Heel Turns: They are a beast to learn, deceptively easy once you think you have learned, but then, like so many things in dance, they feel challenging again once you realize what perfection really looks like.
Part of the importance of perfecting heel turns is similar to the need in travelling Pivots, [if you haven’t seen, here is the article on Pivots]. The impact of each dance partner on the other is significant even when a move or position is only slightly off. As well, adjudicators tend to pay a lot of attention to the quality of heel turns as one way to separate couples. Will this, understanding how to avoid heel turn hell makes sense for every ballroom dancer.
1st Challenge – The word Heel Turn is a bit misleading.
- It suggests to a follower that the follower turns on the heel, which is not the case. The follower is turned.
- A good way to remember this is for a lady to remember that in a heel turn… He Will Turn YOU!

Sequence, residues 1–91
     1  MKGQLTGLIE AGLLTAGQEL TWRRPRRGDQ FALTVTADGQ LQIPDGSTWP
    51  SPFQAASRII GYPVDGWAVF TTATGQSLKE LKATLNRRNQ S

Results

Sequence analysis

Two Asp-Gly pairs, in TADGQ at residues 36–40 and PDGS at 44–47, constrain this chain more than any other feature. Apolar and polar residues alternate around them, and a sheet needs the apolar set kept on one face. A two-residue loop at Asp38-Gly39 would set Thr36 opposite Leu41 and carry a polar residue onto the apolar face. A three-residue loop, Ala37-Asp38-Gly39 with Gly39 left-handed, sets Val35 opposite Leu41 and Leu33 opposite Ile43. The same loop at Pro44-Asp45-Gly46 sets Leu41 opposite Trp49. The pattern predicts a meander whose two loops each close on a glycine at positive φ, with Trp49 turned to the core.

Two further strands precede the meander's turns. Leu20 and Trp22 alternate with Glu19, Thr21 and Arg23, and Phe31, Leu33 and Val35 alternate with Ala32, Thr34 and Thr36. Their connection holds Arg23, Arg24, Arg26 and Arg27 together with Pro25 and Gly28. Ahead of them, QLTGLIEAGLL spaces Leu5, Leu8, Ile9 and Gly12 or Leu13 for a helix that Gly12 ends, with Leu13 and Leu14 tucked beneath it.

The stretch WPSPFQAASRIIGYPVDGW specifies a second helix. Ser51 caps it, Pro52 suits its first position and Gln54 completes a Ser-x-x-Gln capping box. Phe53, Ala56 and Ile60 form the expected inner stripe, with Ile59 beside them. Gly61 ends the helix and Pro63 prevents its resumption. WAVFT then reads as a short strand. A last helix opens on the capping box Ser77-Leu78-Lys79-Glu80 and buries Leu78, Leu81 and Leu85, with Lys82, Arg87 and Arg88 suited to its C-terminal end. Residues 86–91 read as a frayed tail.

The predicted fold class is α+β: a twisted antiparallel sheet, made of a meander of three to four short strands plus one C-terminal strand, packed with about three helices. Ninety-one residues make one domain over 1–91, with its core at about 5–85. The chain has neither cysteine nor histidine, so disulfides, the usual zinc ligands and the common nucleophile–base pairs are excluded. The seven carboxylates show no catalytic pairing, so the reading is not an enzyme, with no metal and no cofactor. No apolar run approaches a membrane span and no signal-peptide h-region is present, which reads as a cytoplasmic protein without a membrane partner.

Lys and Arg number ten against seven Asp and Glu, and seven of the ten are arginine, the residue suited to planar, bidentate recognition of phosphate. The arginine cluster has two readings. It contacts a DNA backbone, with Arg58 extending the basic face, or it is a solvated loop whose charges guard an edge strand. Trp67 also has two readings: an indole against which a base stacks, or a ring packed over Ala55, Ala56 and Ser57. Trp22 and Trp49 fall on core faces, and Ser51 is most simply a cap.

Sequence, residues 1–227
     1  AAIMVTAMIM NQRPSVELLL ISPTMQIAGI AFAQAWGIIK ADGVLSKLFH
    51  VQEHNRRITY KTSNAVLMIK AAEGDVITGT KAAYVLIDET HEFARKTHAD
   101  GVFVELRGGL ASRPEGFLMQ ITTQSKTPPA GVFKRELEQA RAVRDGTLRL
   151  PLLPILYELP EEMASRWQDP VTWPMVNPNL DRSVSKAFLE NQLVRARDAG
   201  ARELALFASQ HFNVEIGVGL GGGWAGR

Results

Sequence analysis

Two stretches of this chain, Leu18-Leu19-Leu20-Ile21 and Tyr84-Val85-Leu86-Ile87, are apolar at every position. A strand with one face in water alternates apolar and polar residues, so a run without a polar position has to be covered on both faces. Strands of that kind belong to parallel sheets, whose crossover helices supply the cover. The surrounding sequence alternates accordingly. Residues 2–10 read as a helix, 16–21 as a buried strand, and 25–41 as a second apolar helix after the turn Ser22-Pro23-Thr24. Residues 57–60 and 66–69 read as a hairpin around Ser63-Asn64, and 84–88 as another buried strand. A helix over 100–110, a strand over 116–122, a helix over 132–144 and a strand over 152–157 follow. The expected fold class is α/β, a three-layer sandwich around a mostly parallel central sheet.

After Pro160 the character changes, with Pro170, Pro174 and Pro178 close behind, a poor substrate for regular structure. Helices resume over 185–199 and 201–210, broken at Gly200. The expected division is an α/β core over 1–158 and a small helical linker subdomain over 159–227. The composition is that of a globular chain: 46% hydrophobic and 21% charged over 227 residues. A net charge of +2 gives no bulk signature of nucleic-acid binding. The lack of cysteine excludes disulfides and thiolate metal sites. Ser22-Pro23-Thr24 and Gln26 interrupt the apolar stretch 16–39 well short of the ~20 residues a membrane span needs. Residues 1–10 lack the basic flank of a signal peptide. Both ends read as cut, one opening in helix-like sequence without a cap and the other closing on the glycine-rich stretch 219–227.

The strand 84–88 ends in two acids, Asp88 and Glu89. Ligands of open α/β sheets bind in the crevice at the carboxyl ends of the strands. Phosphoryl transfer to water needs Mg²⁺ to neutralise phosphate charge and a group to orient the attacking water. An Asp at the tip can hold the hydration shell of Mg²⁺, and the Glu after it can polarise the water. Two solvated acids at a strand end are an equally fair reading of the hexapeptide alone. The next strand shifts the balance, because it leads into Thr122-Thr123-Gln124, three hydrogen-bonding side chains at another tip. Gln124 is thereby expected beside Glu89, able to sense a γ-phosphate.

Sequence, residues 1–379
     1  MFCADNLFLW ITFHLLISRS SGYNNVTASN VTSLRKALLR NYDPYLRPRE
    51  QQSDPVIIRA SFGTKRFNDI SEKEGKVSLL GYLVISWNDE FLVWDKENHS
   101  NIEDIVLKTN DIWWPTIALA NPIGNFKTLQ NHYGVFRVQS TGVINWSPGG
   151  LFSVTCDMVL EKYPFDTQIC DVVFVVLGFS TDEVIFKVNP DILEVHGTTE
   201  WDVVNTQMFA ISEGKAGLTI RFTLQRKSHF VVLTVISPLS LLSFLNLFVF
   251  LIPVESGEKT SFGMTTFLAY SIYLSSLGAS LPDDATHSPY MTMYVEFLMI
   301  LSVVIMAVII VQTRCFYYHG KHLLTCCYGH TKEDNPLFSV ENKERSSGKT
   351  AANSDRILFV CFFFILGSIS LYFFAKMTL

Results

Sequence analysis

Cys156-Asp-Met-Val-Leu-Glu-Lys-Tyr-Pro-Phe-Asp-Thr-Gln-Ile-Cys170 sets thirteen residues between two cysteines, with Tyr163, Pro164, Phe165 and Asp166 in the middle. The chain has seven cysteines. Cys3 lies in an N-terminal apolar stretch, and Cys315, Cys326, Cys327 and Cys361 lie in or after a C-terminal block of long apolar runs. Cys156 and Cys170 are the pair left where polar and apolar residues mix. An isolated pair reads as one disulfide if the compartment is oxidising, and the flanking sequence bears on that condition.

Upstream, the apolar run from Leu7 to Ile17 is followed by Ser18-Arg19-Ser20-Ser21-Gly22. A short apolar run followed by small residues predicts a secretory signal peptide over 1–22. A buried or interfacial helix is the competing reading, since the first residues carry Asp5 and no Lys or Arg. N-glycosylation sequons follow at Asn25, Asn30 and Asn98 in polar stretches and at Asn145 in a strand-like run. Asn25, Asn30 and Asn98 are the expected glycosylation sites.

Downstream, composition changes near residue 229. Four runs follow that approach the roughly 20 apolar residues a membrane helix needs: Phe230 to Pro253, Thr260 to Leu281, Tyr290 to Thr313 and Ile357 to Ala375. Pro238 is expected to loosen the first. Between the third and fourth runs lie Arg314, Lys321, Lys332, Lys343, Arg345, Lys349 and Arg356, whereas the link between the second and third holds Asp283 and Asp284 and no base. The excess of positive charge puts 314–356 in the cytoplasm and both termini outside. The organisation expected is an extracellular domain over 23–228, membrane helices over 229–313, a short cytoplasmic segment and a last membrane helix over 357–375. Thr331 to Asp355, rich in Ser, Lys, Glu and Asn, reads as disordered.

2nd Challenge – It looks like the turn is on both heels, when it is not.
- The turn happens on one heel, then on the other.
- In fact, the heel turn actually happens on a flat foot, with the weight on the heel.
- Pointing toes to the sky will reduce balance, which is never good.
3rd Challenge – Common complaint of followers, of the feeling knocked or pulled down by their partner during the turn.
- Leaders need to enter the heel turn with Contra body movement (CBM), and allow the weight shift of the followers before a turn is initiated.
- Leaders also need to get around the followers before initiating the turn so the follower can use their momentum, and not feel pushed.
4th Challenge – Timing of weight shifts in the turn.
- When the follower is closing their feet, it is tempting to close it too quickly.
- A good way to prevent this is to think of only partially pulling the front foot back, to allow for the partners’ momentum for the completion of the close.
- You can then transfer your weight to the closing (left foot) at the end of the turn.